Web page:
As far as content goes, it’s content made by creators — not the brands themselves — that moves the needle the most. Brit Starr, senior vice president of strategy at CreatorIQ, said brands with big budgets are reaping rewards with rising engagement rates.

“Consumers became a lot more selective about the creators and brands that they align themselves with,” she said of social media’s shifting landscape. “We’re continuing to see increased investment in influencer marketing, increased attention to how to appropriately measure and understand the impact of your efforts so you can make the most informed decisions.

Data from Tribe shows that only 19 percent of beauty brands spent less than $200,000 on influencer marketing annually, with nearly half of brands expanding their influencer marketing teams. Starr added, though, that sales alone aren’t an accurate metric for measuring returns on social or influencer campaigns.

“The more creator content that is being generated about your brand, and the more creators are talking about your brand actively, the more consumers are searching for your brand online. That desirability aspect is super interesting,” Starr said. “Sales are a huge factor. You can do that directly through affiliate marketing, but also indirectly by having a bigger picture of your return on creator spend via the measurement of all of these areas.”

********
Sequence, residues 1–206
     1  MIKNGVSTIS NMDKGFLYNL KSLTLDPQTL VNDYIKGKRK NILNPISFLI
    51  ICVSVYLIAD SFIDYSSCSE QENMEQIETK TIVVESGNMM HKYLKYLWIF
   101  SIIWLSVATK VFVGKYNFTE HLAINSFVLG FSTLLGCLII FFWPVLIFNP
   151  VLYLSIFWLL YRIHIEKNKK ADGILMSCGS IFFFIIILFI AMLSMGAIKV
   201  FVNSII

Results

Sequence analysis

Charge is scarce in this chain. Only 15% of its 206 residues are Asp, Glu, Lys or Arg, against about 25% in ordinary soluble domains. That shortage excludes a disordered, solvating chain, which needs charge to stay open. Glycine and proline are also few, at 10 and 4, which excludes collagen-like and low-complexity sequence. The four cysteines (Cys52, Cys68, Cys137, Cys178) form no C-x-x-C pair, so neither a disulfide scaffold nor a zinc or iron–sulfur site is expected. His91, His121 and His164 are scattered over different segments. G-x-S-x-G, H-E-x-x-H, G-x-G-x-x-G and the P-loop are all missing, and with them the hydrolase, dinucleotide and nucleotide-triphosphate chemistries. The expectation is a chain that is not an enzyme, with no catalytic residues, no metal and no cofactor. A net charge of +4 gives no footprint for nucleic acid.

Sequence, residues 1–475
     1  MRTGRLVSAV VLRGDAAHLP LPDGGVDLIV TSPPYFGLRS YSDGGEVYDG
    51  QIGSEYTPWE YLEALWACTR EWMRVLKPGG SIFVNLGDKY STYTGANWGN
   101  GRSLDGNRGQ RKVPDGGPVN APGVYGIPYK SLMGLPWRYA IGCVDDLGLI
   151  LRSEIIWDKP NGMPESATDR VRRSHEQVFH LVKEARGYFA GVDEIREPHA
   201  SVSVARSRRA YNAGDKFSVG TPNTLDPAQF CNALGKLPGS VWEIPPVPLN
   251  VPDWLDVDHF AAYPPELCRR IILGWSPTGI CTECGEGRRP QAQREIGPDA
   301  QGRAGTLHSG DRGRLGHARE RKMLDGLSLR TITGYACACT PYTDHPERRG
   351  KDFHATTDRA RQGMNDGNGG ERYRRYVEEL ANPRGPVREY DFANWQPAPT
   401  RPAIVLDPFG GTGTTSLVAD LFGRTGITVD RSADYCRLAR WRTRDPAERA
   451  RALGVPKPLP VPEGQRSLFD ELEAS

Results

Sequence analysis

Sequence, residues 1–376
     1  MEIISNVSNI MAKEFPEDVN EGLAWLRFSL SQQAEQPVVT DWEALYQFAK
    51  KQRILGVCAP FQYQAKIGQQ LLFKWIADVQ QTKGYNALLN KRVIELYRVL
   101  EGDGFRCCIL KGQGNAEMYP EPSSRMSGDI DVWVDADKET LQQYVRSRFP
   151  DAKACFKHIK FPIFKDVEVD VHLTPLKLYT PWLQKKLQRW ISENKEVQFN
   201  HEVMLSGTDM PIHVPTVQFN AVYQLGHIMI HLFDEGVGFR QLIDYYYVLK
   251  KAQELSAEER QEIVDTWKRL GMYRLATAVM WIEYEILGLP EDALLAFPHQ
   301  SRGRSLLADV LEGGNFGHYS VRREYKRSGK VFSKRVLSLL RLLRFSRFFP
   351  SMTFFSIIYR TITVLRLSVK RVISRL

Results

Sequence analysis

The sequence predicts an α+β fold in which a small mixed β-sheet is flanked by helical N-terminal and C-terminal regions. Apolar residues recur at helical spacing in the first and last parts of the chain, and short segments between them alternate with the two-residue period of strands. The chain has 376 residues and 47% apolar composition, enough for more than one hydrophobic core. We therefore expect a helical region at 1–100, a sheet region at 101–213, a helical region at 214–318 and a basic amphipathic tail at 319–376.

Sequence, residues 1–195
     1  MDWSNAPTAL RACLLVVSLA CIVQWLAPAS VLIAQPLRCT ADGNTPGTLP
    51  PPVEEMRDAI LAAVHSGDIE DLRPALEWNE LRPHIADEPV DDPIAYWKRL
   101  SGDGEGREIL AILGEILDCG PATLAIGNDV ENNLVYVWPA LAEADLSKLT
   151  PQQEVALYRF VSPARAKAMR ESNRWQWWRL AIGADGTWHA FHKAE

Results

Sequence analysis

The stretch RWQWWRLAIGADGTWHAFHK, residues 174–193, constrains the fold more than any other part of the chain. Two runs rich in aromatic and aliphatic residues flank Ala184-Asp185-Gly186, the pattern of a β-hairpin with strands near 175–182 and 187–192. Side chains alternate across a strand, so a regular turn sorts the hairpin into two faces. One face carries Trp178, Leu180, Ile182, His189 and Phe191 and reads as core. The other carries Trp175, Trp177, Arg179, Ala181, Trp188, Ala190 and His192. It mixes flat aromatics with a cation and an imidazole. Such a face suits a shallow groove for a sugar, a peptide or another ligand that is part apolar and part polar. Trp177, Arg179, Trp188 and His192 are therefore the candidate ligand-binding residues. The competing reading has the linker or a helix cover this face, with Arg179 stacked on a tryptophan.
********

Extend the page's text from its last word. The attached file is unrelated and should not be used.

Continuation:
That emphasis on creator-led content has just added to expenses for brands. “Instagram is now really heavily favoring content creators, and every brand I’ve spoken to now just feels like they’re sucking on Instagram,” Gugnani said. “When you were investing in a brand, you would want their engagement to be at least 0.5 percent. Now, if you look at the average brand in the d-to-c space, people’s engagement rates are a fraction of that.”